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Visual salience, not the graspable part of a pictured eating utensil, grabs attention

  • Aiping XiongEmail author
  • Robert W. Proctor
  • Howard N. Zelaznik
Article

Abstract

Three experiments used compatible and incompatible mappings of images of eating utensils to test the hypothesis that these images activate affordances for grasping with the corresponding hand when the required response is a key-press. In Experiment 1, stimuli were photographs of a plastic spoon oriented on the horizontal axis, with the handle location varying randomly between left and right. Participants were instructed to respond to the handle or the tip, with a compatible mapping in one trial block and an incompatible mapping in another. A benefit for the compatible mapping was evident when the spoon tip was defined as relevant and a smaller cost when the handle was defined as relevant, suggesting a larger influence of the tip than the handle. In Experiment 2, the stimuli were photographs of bamboo chopsticks, for which the functional end is pointed and the graspable end is squared. East Asian participants familiar with chopsticks showed compatibility effects that did not differ significantly between the two ends. In Experiment 3, the chopstick handles were colored red to make them relatively more distinct than the tips. Both East Asian participants (Experiment 3B) and a more diverse sample (Experiment 3A) showed a benefit of the compatible mapping when the handle was defined as task relevant but not when the functional end was. Altogether, the results provide evidence that left-right location of a visually salient feature is the main factor driving these compatibility effects, rather than the automatic activation of a grasping affordance.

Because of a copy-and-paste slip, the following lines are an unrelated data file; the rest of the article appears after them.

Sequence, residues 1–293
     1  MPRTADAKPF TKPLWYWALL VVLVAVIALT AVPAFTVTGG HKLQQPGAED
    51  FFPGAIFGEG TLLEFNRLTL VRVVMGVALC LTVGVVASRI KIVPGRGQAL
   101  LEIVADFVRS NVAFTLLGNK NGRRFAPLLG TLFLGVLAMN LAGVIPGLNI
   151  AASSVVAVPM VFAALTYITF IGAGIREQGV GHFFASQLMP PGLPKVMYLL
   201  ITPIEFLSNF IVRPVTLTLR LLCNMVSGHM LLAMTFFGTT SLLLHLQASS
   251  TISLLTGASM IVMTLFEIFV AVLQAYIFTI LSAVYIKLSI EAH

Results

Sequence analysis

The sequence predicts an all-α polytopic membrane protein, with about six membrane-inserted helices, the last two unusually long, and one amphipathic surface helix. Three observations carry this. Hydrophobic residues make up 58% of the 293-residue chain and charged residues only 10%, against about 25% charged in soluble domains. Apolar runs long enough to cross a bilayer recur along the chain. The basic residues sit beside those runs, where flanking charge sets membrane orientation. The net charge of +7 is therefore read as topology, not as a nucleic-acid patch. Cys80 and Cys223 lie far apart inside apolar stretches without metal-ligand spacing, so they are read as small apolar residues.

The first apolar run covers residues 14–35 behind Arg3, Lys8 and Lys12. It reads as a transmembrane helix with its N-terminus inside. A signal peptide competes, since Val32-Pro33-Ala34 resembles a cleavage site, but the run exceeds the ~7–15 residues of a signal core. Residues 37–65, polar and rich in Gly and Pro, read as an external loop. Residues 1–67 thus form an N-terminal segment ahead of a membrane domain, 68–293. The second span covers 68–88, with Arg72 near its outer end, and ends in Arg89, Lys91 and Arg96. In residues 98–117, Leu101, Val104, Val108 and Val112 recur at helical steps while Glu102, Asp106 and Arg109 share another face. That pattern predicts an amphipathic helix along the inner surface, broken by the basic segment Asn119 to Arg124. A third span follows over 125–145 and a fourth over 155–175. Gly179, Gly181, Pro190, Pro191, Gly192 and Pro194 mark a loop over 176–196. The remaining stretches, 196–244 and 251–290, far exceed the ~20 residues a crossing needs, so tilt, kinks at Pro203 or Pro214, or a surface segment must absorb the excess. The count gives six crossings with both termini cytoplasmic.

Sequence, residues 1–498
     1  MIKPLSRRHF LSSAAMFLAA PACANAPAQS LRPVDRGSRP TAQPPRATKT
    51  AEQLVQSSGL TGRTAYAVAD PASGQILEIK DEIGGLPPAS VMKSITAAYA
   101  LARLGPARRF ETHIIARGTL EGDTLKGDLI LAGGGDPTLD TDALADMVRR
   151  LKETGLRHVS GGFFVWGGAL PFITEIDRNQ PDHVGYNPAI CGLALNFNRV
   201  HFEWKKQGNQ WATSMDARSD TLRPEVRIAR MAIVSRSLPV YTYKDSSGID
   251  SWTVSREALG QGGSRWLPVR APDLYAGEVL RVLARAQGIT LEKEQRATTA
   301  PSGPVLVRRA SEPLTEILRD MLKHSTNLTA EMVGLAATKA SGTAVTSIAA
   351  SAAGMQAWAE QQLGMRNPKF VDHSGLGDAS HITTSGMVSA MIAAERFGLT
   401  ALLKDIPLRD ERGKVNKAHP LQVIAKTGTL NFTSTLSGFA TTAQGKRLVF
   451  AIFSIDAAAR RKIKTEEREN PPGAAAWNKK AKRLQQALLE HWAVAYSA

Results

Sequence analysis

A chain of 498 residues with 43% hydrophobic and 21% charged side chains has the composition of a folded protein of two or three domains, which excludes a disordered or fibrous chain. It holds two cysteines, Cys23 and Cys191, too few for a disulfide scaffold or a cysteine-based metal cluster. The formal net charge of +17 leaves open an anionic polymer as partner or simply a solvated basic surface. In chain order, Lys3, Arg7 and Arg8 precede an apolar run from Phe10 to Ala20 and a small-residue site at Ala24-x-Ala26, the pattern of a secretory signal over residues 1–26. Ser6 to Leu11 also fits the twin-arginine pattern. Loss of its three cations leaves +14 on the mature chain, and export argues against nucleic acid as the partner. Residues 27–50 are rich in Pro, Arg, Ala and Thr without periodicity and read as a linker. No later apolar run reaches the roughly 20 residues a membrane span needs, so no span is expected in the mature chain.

Keywords

Grasping affordance Spatial compatibility Object-based correspondence effect 

Notes

Author Note

We thank Jennifer Cathlyn Chan and Yaqi Xu for assistance in conducting the experiments.

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Copyright information

© The Psychonomic Society, Inc. 2019

Authors and Affiliations

  • Aiping Xiong
    • 1
    Email author
  • Robert W. Proctor
    • 2
  • Howard N. Zelaznik
    • 3
  1. 1.College of Information Sciences and TechnologyThe Pennsylvania State UniversityUniversity ParkUSA
  2. 2.Department of Psychological SciencesPurdue UniversityWest LafayetteUSA
  3. 3.Health and Kinesiology DepartmentPurdue UniversityWest LafayetteUSA

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